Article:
It was a brilliant performance.

We get to make choices. To love and to laugh or to hurt and hurt. I choose LOVE and laughter. For today. Yes, there are tears. Lots of them. But the love remains. And to those who care enough to read this. I LOVE YOU.

And to the folks at NW Medical. Love Love Love!



December 5, 2014

Love isn’t some crazy emotion that involves sex and desire. Just isn’t. Love is holding the hand of a dying friend. Love is giving without want or need in return. Love is an emotion that human beings must train themselves to do (most of us), because it patient and kind. Love is not jealous, nor angered. (1 Corinthians 13). And very few human beings I know can do it.

The crazy thing is that though most of us have been raised in a Judeo-Christian tradition, we still feel love as possession. I WANT seems to equal love in this culture. Or I NEED.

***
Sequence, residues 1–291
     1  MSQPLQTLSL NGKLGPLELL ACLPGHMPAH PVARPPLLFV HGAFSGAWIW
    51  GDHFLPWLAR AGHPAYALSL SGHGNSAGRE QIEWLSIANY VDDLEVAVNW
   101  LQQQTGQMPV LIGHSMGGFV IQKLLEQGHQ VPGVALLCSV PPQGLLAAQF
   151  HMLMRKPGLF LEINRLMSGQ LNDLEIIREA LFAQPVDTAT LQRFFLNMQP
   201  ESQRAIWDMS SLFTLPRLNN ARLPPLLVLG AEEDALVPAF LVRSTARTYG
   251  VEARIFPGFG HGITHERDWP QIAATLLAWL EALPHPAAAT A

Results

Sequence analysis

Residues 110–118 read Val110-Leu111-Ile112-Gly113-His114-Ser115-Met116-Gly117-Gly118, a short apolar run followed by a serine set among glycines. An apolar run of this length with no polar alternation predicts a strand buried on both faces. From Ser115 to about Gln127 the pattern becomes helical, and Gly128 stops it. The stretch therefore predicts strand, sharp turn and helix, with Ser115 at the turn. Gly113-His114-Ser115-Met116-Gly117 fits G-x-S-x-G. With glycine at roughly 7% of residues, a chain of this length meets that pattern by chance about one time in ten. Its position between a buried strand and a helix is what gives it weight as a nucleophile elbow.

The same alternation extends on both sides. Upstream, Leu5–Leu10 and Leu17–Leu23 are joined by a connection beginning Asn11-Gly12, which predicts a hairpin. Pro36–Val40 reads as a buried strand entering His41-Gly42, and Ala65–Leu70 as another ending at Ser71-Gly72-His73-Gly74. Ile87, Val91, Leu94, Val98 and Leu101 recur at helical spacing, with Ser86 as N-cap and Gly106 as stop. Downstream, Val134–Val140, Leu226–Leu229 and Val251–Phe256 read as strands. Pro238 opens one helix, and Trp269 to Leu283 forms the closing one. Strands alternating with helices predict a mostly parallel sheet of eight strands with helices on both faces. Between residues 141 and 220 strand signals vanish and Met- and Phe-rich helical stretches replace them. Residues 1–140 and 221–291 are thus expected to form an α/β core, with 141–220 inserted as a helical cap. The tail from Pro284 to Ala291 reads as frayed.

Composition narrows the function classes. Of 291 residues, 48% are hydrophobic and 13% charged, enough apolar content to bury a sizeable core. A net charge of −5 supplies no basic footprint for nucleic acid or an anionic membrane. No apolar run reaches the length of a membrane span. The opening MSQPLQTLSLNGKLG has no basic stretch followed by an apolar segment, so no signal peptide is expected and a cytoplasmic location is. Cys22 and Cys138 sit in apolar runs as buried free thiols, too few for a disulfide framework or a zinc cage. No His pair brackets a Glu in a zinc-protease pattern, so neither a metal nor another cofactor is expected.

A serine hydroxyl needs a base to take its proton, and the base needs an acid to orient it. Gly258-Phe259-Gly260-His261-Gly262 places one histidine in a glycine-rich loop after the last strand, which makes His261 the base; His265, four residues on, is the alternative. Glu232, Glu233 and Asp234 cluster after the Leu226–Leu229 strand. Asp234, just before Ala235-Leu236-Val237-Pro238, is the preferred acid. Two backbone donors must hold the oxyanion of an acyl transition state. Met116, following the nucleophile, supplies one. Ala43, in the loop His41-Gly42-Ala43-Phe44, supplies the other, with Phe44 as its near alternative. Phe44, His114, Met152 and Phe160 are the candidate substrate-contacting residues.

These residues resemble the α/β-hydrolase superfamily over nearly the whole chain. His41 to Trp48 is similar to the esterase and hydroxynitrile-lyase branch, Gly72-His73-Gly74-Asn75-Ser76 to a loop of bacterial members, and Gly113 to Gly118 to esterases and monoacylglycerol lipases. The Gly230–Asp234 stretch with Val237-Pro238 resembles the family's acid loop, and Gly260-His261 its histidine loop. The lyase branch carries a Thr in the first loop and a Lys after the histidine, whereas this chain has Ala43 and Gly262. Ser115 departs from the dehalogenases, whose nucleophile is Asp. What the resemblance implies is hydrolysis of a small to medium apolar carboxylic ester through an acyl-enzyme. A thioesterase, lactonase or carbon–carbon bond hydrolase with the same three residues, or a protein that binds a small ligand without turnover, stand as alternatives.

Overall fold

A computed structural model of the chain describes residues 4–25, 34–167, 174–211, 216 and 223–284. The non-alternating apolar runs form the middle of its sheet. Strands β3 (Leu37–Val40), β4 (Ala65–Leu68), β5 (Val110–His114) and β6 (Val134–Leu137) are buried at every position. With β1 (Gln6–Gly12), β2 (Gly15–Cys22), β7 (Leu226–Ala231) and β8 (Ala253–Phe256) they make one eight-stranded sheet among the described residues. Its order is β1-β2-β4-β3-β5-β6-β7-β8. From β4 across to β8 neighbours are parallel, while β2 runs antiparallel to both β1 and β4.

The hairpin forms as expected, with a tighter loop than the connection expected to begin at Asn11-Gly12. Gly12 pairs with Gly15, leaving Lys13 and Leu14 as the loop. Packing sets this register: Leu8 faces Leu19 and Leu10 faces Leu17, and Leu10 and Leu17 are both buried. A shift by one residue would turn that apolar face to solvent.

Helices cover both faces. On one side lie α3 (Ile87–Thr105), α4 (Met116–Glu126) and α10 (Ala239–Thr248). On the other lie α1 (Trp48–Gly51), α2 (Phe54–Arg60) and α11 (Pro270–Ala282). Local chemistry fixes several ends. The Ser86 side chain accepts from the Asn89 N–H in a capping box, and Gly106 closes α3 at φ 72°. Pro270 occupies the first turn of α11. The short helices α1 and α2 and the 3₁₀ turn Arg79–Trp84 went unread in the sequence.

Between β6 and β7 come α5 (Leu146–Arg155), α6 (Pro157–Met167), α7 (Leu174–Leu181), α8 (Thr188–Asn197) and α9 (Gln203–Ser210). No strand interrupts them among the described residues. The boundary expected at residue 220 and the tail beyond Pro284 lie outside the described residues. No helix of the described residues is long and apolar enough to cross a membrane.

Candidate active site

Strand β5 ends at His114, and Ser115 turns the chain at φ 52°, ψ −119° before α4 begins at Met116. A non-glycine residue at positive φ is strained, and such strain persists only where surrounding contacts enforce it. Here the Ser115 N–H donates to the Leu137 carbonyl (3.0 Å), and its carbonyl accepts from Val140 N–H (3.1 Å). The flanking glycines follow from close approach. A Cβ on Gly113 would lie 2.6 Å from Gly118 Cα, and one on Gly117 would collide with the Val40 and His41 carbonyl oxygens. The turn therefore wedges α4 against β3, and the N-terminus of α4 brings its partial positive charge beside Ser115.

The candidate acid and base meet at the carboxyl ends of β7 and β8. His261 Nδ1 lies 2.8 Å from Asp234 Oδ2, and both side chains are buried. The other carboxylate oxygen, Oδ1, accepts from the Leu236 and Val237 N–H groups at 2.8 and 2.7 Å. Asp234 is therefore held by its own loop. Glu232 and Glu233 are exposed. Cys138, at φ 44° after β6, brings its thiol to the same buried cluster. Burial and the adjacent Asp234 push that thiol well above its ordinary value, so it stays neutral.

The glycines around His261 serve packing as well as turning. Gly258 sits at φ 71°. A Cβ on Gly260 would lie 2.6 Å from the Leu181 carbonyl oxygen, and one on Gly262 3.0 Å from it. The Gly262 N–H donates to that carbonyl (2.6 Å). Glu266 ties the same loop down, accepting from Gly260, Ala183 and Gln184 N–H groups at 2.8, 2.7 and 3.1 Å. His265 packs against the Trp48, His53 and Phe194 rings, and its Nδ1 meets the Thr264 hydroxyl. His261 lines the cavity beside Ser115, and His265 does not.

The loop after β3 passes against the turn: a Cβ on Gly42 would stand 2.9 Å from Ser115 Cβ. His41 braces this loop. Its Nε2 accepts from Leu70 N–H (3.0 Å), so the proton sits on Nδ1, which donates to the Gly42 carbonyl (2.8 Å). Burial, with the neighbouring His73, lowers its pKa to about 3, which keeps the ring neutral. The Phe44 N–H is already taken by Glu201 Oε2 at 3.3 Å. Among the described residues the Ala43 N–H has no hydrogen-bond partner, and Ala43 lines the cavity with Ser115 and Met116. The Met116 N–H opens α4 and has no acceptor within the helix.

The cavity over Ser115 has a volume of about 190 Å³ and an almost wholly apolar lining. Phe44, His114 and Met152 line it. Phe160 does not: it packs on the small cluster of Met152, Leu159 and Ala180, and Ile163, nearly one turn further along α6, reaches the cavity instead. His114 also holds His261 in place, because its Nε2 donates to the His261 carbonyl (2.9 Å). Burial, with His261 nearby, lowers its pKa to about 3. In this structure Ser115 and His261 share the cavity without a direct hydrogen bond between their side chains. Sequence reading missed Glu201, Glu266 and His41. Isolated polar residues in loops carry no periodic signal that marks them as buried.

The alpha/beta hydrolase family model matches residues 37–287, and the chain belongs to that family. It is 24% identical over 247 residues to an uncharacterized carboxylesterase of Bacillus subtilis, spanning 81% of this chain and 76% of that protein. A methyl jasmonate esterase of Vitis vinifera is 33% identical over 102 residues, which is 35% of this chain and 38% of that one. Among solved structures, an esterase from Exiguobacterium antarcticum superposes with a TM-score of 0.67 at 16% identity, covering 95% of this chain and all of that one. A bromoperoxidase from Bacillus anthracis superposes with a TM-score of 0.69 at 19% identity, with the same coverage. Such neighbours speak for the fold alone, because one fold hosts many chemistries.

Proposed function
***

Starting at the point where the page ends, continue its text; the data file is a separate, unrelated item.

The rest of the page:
But in our hearts we know that is not love. That is desire. Ignorant desire.

During this time of illness and now serious violence inside my house with my two dogs, that love is something so much more. It’s the willingness to do what needs to be done to take care of another. Love is giving, sharing, willing.

For me, love is throwing myself on the floor in between two violent dogs, both of whom I love, and taking the bites. Love is teaching me in this situation that I have to sacrifice my own body to protect the beings I love. Because they don’t understand. They are both scared. They are both injured. And, yes, so am I. But I care so little about the later. Take this body. It is not me.

I will use this body to do whatever I can to protect those I love. I hope this doesn’t sound radical. It’s not. I am a peaceful person. But when violence erupts; I will throw myself in the middle. I will take on the pain. That’s how bodhisattva’s roll. I wish I could find and hug the next suicide bomber. I wish I could hold him or her with arms of compassion so that s/he would know true love before they died.